Professional refereed evidence clearly demonstrates that the bacteria associated with periodontal disease are associated with systemic diseases, such as cardiovascular disease, stroke, pregnancy complications, Alzheimer’s disease, type II diabetes, joint dysfunctions and other health implications. Since these links are now established and generally recognized, it makes sense to go the next step and show a method that can treat periodontal disease that can have positive effects in helping manage systemic disease.

Treating patients’ periodontal conditions with the Perio Protect Method (PPM) and evaluating systemic Lp-PLA-2 levels, before, during and after periodontal treatment, demonstrates that treating the patient’s periodontal conditions resulted in decreasing the periodontal markers and lowering the Lp-PLA2 levels over 30 % and these findings may be important as an adjunct of cardiovascular treatment.

Kumar et al. [13] demonstrate treating periodontal disease lowers patient’s c-reactive protein levels. The Perio Protect Method™ manages obligate anaerobes, accelerates tissue recovery, healing, and repair, establishes a microenvironment reversing dysbiosis, and improves systemic Lp-PLA-2 and hs-CRP levels. The numbers of virulent facultative and obligatory anaerobes decrease and are replaced with fewer aerobic bacteria found in healthy tissues. Anti-inflammatory medications neutralize the host inflammatory response, decrease tissue damage, and augment osteogenic improvements [14,15].

The American Diabetes Association, in their journal Diabetes Spectrum November 2011, present an article about diabetes and periodontal disease as an update for health care providers. The authors conclude there is evidence to support improvements in metabolic control in patients with diabetes after treating their periodontal disease. Additional information shows the Perio Protect Method™ enables the patients to manage their periodontal disease and help decrease their daily blood glucose and HbA1c levels. This article demonstrates ways diabetic patients are assisted in maintaining their periodontal health and in lowering their systemic diabetic markers. This may have implications for other systemic inflammatory relationships, but this will require a more detailed investigation to determine these associations [16].


Managing oral disease is important for periodontal control as well as modifying patients’ oral systemic interrelated associations. A direct medication delivery system like the Perio Protect Method is shown to improve conventional periodontal methods and manage the oral biofilm. Oral biofilm management is also shown to improve patients’ systemic inflammatory markers. This appears to be the future of periodontal treatment in the decades to come.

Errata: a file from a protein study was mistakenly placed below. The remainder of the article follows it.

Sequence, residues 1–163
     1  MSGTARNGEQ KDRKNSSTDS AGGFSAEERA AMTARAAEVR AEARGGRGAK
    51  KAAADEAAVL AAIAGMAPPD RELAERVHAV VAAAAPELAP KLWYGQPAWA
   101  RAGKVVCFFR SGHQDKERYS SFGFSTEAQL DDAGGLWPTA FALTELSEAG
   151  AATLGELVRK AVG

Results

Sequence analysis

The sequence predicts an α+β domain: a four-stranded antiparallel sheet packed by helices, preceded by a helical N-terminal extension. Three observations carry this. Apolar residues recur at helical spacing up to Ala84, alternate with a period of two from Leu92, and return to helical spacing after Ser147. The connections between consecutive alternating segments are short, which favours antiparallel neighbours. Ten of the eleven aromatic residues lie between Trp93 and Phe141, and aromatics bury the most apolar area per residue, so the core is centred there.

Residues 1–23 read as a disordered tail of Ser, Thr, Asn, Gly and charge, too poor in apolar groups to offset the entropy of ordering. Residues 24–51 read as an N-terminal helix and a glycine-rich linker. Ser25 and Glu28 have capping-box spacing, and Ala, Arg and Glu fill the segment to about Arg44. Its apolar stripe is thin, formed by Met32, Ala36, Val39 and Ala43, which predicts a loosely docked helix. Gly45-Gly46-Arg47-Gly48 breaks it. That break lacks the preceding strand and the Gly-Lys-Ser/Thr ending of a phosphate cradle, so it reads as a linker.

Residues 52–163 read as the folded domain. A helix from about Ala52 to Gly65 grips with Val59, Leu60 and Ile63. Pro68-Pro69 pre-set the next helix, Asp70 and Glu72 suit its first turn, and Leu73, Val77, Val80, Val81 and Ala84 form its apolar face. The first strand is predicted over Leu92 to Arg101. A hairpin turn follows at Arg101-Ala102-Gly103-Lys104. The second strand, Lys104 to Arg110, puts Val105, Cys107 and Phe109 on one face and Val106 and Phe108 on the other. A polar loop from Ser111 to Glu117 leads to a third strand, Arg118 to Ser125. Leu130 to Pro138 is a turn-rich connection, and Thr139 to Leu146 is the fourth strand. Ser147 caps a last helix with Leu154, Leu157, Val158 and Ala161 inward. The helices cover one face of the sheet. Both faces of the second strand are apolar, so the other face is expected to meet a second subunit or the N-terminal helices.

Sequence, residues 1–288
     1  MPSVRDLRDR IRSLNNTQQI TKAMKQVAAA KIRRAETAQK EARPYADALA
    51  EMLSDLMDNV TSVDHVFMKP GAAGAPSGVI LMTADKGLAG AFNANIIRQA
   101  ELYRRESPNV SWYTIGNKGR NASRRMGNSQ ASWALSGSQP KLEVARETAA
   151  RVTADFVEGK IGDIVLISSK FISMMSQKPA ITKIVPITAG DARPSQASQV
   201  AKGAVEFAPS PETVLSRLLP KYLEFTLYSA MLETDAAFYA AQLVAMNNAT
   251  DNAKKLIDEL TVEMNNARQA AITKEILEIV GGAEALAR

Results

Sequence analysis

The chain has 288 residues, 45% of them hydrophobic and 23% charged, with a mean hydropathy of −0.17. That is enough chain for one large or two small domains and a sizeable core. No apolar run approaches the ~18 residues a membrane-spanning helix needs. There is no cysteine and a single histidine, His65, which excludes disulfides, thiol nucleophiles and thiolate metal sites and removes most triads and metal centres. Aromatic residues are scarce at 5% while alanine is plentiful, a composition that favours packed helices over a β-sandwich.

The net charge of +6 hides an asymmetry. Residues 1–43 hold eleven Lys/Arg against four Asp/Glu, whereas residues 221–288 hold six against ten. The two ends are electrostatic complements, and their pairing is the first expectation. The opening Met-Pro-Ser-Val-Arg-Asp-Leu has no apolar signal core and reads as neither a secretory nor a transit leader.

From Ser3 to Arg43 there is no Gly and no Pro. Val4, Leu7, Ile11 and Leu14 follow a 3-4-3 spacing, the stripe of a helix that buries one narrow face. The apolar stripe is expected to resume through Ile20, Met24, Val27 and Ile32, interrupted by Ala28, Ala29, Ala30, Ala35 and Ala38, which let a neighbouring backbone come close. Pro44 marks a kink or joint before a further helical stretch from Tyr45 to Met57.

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  3. AS Evans (1978) Causation and disease: A chronological journey. The Thomas Parran Lecture. American Journal of Epidemiology 108(4): 249-258.
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  7. Alwaeli AZJ (2018) Anaerobic bacteria associated with periodontitis. Oral Microbiology in Periodontitis.
  8. Keller DC, Cochran JB (2019) Composition of microorganisms in periodontal pockets. J Oral Health and Dent 2(2):123-136.
  9. Keller DC, Buechel M (2017) Direct medication delivery modifies the periodontal biofilm. Oral Biol and Dent 5(1): 1-7.
  10. The Wound Healing Society, Chronic wound care guidelines.
  11. Keller DC (2018) Chronic wound management of periodontal disease. HOAJ Oral Biology and Dentistry 5(1): 1-7.
  12. Keller DC (2014) Systemic Lp-PLA-2 cardiovascular marker response to direct medication delivery periodontal treatment. Cardiovasc System. Cardiovascular System 2(8): 1-4.
  13. Kumar S, Shah S, Budhiraja S (2013) The effect of periodontal treatment on c-reactive protein: a clinical study. J Nat Sci Bio Med 4(2): 379-382.
  14. Steele S, Sindelar BJ, Keller DC (2015) Presentation IADR.
  15. Rutger PG (2011) Diabetes and Periodontal Disease: An Update for Health Care Providers. Diabetes Spectrum 24(4): 195-198.
  16. Keller DC (2023) HbA1c, and bood glucose, changes when treating periodontal disease with the Perio Protect Method™. Oral Health Dental Sci 7(1): 1-8.

© 2023 Duane Keller. This is an open access article distributed under the terms of the Creative Commons Attribution License , which permits unrestricted use, distribution, and build upon your work non-commercially.